The interview itself was informal, more like a discussion. He made me feel so comfortable and relaxed- it was all very conversational. Questions such as: what's your favourite piece in your portfolio, and why? why do you want to work in the fashion industry? who's your favourite designer, current and of all time? what's your favourite magazine and why? These questions turned into discussions about many fashion related topics e.g. whether fur is acceptable, supersize models on the runway, the recession and whether cheaper really is better. I attempted to say as much as I could and ensured I talked about not just the clothes but the industry and contextual influences. Our interview ran on longer than the other group- probably because of our lengthy discussions- which meant our final task of writing a feature brief was rushed. I decided to focus on not just fashion but film, music and politics also. My brief was related to the release of 'The Iron Lady' and Margaret Thatcher's influence on not just politics but fashion; this lead me to discuss other fashion tribes and cultures within the 80s and their influences through music. 

Overall I feel it went well, but who knows how they perceived me or how I compared to other candidates. I know fashion journalism is what I am supposed to do, writing and fashion are two things I love and they consume my life. I long to be taught by people who have been or who are within the industry; be surrounded by focused  people who share my same fervent love for fashion. I suppose only time will tell.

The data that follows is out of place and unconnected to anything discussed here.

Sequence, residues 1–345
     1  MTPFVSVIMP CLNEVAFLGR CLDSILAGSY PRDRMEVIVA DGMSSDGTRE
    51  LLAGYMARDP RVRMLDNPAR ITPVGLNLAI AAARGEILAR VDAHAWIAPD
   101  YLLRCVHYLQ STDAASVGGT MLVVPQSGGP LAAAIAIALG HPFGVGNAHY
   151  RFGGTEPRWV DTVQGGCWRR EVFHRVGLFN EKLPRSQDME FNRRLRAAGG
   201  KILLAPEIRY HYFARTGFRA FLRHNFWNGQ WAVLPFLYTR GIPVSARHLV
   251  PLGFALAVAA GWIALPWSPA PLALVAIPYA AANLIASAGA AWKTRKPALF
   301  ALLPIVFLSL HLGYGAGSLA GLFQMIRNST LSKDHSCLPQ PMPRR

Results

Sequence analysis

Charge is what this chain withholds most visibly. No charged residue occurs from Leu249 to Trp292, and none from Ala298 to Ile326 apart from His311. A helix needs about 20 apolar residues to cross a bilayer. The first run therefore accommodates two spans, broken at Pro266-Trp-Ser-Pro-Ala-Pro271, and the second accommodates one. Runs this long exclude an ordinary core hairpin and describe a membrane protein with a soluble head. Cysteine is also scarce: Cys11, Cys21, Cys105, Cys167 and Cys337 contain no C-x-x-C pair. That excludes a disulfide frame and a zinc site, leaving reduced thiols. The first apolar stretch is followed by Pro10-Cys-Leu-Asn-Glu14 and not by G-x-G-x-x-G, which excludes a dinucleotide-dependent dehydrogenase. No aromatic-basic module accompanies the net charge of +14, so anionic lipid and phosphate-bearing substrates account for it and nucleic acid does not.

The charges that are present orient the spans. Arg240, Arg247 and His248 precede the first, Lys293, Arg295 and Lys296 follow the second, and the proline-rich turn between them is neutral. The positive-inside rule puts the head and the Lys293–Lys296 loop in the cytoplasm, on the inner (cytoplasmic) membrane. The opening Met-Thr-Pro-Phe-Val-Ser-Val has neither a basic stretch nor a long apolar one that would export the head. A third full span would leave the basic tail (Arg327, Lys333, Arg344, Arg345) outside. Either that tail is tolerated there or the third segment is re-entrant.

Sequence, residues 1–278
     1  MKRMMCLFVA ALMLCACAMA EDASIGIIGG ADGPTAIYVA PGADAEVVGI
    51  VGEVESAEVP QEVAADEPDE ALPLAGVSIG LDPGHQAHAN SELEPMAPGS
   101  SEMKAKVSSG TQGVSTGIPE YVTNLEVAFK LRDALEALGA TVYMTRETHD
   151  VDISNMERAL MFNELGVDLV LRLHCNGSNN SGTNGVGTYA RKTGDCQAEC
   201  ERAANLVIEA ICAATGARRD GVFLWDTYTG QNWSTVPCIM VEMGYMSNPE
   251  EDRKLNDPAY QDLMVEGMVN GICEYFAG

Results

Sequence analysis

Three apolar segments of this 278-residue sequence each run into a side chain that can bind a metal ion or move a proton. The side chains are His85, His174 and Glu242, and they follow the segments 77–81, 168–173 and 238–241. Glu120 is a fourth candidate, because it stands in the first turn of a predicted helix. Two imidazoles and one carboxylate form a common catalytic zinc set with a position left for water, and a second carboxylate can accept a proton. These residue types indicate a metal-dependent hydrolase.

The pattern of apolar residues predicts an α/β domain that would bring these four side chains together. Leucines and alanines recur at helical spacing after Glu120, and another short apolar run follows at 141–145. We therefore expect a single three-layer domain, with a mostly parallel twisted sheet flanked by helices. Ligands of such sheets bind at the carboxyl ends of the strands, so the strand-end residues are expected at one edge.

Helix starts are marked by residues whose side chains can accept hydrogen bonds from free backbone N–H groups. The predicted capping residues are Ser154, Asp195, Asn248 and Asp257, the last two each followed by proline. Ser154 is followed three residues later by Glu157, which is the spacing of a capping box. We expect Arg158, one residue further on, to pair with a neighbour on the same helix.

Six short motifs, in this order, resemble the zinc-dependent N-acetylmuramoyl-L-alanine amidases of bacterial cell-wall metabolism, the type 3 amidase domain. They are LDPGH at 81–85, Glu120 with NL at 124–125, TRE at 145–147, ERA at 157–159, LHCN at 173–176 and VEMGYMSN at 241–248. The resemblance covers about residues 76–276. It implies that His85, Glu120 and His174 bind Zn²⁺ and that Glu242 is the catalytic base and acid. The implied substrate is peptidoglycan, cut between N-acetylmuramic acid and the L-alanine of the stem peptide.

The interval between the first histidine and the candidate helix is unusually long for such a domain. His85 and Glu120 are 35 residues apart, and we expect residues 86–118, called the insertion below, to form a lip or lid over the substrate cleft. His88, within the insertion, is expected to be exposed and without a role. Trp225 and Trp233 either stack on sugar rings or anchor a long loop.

Fingers crossed.

MP.


Wednesday, 11 January 2012

Celine: Pre A/W 12-13






Once again Celine sets a fine example of how simplistic tailoring and soft lines can create the most beautiful of collections. There are no gimmicks or embellishments; the collection uses blocks of colour framed within a curved silhouette and sumptuous fabrics creating wearable designs with a hint of androgyny.





Exotic prints, statement suits, evening wear pyjamas, peplum waves, classic cocoon coats and luxurious leather- it seems this key fabric is going to continue to be popular into the next icy season. This collection is so wearable for its classic key pieces and the success of the tailoring: fitted with still enough room to move and feel comfortable in these wonderful designs. Simplicity is continued throughout the accessories: oversize bags from clutches to shoppers, pointed courts with a flattering toe-cleavage and fur snoods. Winter chic at its best with still a glimpse of those relaxed summer silhouettes.

MP.

Tuesday, 3 January 2012

Twenties Takeover


I sat snuggled in my duvet, still in my pyjamas but hey, it was Christmas day. The time had come that as a 5 year old child would cause me to become completely hysterical with utter excitement, that would create that fervent twinkle in my eye, that would cause me to race downstairs with no care of how ridiculously early it was- yes, it was the time to open the presents. However, now I am- as my parents would say- a young adult this madness has decreased somewhat and my bed seemed far more appealing. Nevertheless I made it and there I was cocooned on the sofa awaiting my delightful gifts (all of which were from my incredibly precise list including the addition of store and price).